Earth- third in line from Sun is the only planet known to have oxygen, liquid water on its surface and of-course, life. With a diameter of 13,000 kilometres, Earth is the fifth biggest planet in our solar system. Earth is not completely round, in-fact it is an “oblate spheroid,” since its spin makes it to be crushed at its poles and swollen at the equator.
This image of crescent-shaped Earth and Moon was documented by NASA’s Voyager 1 spacecraft on Sept. 18, 1977, when it was 11.66 million kilometres from Earth. Jet Propulsion Laboratory’s Image Processing Lab made this photo by processing three images taken through colour filters. Since the Moon is many times less brighter than Earth, so to make it clearly visible in the photo, it was artificially brightened by a factor of three compared to Earth.
This photo of Earth was captured by Kepler Space Telescope at 94 million miles away on 10th December 2017. In this image Earth appears as a bright flash light among the sea of stars, completely obscuring our moon Luna. Some stars are hundreds of light years away.
This rare image of Saturn’s rings and Earth-Moon system was taken by NASA’s Cassini spacecraft on 19th July 2013 at 1.44 billion kilometres away. Earth appears to be a blue dot at the centre right as indicated by arrow. The other visible bright dots/objects are stars.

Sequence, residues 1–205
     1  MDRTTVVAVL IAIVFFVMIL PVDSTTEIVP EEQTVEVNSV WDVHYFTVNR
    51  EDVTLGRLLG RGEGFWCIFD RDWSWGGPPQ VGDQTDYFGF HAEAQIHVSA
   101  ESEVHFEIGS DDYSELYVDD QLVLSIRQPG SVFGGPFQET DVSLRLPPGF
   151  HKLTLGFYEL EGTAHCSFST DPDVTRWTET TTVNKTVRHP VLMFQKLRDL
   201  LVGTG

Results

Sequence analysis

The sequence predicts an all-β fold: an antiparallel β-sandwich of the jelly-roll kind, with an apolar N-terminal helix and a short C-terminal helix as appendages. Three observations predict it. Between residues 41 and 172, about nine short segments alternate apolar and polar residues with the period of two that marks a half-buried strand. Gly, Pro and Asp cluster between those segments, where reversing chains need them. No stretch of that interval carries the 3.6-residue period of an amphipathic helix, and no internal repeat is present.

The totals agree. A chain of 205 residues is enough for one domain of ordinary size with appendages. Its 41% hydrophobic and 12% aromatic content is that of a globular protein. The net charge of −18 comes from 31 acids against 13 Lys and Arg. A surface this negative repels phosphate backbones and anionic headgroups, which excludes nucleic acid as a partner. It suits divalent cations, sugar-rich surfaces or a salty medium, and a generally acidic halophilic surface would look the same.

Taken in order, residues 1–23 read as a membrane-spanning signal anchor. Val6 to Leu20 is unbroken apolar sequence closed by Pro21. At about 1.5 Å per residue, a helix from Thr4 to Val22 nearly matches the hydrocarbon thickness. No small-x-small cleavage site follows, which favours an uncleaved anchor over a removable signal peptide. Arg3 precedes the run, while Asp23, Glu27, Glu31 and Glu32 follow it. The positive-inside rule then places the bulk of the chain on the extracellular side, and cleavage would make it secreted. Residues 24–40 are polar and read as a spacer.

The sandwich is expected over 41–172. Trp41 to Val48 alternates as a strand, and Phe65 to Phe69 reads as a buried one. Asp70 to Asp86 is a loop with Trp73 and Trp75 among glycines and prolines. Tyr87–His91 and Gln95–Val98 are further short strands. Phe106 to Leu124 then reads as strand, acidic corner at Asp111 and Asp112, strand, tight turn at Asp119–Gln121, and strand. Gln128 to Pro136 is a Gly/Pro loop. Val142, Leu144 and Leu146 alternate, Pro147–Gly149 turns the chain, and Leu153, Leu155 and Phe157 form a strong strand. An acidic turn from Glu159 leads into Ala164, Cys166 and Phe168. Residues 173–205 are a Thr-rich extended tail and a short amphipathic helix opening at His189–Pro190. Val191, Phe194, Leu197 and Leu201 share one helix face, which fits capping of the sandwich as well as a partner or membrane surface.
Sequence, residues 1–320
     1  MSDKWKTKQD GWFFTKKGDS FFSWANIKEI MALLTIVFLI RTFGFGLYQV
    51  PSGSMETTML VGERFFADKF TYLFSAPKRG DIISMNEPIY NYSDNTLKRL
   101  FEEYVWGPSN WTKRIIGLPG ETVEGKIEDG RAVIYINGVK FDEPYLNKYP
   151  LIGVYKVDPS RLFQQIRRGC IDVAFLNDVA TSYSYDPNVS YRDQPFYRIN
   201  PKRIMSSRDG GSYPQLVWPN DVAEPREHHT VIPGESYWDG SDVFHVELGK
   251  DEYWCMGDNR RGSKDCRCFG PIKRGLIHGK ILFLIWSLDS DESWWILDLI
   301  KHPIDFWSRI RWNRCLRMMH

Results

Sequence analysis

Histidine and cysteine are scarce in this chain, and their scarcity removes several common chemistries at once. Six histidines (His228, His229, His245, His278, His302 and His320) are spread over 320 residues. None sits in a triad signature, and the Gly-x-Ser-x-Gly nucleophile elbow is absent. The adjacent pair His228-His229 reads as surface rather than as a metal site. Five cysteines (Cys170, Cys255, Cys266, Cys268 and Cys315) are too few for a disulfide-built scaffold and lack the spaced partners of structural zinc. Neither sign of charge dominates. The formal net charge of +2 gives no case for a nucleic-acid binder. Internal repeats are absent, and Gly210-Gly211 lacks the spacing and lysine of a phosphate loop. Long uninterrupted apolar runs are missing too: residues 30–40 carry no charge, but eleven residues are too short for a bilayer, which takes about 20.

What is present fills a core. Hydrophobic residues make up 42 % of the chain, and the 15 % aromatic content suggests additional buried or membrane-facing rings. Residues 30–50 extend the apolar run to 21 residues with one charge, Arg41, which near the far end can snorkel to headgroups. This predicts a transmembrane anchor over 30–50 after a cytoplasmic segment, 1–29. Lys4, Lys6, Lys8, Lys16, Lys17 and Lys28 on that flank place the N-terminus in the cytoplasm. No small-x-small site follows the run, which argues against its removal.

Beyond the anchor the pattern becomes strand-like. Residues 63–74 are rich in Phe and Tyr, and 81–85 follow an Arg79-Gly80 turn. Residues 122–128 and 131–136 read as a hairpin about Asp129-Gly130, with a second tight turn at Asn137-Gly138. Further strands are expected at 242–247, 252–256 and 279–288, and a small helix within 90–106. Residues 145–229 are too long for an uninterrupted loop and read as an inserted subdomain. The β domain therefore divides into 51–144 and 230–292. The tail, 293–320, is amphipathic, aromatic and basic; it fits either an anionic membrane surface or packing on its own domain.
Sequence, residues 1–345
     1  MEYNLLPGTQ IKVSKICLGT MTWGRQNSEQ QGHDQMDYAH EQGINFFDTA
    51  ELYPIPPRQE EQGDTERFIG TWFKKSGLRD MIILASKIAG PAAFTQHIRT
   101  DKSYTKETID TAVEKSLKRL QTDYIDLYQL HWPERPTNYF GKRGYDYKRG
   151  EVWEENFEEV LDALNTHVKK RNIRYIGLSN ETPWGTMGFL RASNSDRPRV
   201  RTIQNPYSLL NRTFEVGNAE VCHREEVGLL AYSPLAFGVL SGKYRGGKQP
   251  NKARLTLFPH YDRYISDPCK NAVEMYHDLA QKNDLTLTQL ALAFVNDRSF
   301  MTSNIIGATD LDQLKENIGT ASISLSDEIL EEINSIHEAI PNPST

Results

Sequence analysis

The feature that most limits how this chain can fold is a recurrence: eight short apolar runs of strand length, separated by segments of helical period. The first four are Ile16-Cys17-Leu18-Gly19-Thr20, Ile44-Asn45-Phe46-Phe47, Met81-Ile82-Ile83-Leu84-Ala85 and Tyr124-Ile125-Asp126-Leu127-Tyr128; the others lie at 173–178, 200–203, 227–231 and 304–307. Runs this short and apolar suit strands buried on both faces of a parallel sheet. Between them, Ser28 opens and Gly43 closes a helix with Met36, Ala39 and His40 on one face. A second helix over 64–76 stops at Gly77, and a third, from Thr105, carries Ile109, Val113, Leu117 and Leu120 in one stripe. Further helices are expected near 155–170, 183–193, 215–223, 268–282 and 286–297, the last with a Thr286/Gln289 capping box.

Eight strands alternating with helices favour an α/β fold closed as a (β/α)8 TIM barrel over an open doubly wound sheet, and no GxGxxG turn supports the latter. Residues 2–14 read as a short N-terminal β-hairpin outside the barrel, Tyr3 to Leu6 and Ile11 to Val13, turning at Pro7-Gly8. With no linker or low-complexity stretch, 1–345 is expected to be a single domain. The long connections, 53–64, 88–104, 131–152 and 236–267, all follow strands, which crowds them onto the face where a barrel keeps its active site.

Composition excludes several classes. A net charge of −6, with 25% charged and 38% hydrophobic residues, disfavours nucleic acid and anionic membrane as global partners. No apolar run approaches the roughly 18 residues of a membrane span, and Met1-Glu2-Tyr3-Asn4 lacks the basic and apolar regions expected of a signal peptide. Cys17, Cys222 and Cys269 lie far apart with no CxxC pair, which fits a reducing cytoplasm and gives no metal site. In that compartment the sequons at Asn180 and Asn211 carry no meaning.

This photo of Earth rise was made from a series of images taken by NASA’s Lunar Reconnaissance Orbiter (LRO) on 12th October 2015 from 134 kilometres above the moon’s far-side crater Compton.
NASA’s OSIRIS-REx spacecraft captured this image of the Earth and Moon on 17th January 2018 from a distance of 63.6 million kilometres. Earth can be seen as the largest, brightest spot in the centre of the image. While the smaller, dimmer companion appearing to the right is Moon.
This image of Earth-Moon was taken by NASA’s Curiosity rover from the surface of Mars. Image was taken on the 529th Martian day, or sol, (Jan. 31, 2014). At that time the distance between Earth and Mars was about 160 million kilometres.
These images were taken on July 16, 2015 by the Deep Space Climate Observatory (DSCOVR) satellite. The animation features the real satellite images of the Moon’s far side as it crosses between DSCOVR and Earth at about one million miles away.
Galileo spacecraft took this photo of Earth-Moon system on 16 December 1992 from a distance of about 6.2 million kilometres.
European Space Agency’s (ESA) Rosetta spacecraft captured this stunning image of Earth on 12th November 2009 from a distance of about 633,000 kilometres.